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Maritime Museum opens its doors

A new Maritime Museum at Gladstone Ports Corporation's (GPC) waterfront parklands has officially opened its doors to the public, showcasing the Port City's rich history just in time for the Easter holidays.

The Gladstone Maritime History Society started re-locating more than 1600 time-worn artefacts, earlier this year from their existing building at Port Central to their new waterfront location at East Shores.

It's all thanks to GPC's vision to provide recreational parkland facilities while paying homage to the region's maritime and industrial past.

Acting CEO Craig Walker said GPC's award-winning East Shores Parklands would offer visitors and the community a unique experience.

“East Shores has become a destination in itself," Mr Walker said.

“Locals and visitors are drawn to our parklands for so many reasons, whether it's the café, microbrewery, barbecue facilities, basketball courts, the boot camp or even taking the kids to the water play park on the weekend.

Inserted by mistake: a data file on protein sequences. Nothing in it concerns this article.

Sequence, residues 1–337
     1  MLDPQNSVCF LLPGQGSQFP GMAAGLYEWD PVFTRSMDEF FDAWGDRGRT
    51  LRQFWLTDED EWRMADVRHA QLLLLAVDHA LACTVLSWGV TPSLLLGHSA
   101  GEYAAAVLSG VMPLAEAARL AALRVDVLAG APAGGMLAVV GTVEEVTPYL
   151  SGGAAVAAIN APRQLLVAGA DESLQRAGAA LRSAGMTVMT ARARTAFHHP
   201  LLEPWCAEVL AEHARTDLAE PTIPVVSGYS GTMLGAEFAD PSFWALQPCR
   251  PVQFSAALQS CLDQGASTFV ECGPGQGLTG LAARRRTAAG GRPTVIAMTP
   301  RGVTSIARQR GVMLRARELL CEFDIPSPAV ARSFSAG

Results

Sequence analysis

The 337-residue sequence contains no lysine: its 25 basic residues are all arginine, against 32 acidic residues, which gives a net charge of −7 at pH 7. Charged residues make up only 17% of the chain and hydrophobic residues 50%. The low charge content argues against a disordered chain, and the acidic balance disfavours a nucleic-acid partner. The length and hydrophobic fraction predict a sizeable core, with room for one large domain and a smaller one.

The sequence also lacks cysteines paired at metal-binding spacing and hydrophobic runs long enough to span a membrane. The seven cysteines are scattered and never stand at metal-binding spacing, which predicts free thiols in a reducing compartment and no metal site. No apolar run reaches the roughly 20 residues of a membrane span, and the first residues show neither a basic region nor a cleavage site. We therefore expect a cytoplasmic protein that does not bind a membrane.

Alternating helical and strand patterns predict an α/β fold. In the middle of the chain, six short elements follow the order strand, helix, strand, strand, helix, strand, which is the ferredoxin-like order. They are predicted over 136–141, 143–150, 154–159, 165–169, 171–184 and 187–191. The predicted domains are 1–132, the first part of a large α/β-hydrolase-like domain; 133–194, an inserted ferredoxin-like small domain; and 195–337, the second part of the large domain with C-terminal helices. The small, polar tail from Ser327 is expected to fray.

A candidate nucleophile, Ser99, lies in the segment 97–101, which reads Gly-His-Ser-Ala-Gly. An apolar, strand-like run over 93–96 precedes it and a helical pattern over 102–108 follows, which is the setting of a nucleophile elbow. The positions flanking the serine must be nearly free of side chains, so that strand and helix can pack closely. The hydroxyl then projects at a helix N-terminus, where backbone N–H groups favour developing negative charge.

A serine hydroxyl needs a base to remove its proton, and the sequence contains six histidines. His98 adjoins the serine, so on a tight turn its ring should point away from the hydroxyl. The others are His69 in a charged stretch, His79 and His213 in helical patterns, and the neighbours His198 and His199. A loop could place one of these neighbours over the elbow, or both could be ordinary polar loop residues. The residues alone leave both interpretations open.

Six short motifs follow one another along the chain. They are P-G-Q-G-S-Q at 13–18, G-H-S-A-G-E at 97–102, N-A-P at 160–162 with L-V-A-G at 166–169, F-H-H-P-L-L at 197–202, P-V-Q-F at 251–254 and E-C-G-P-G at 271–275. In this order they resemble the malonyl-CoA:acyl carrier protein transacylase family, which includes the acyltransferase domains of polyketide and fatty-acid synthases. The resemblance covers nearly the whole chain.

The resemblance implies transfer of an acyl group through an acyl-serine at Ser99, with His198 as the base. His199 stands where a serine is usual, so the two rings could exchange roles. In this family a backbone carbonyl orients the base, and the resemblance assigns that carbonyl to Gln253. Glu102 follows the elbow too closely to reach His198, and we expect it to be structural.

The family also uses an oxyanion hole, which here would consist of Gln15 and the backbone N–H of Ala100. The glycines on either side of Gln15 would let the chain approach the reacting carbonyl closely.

“The museum is filled with stories from the shipwrecked Jenny Lind figurehead carved in 1847 that was found washed up in a cave near Keppel Island 40-years-ago, to local legend Ernie Pitts who has been building amazing model ships for 55-years.

“We're delighted the Gladstone Maritime History Society is calling our world-class parklands home and we know Easter visitors and our community will be excited about the new addition."

President Lindsay Wassell said the relocation wouldn't be possible without the support from ​GPC.

“We're in the right spot to welcome in new visitors and of course inform and educate our community about the fascinating maritime history we have in this region," Mr Wassell said.

“It's thanks to our volunteers and of course GPC for helping us the entire way from relocating to renovating to opening our doors today."

The new location is also within arm's reach of the HMAS Gladstone at East Shores 1B – adding an extra feature to the award-winning parklands.